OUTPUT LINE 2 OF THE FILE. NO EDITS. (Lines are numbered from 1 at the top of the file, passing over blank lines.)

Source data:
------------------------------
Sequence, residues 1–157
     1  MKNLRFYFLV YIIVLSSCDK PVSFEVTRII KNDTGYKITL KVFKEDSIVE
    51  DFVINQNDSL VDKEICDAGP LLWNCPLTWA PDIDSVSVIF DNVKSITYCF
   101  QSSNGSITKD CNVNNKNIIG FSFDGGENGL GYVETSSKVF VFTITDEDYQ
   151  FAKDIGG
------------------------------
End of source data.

     1  MKNLRFYFLV YIIVLSSCDK PVSFEVTRII KNDTGYKITL KVFKEDSIVE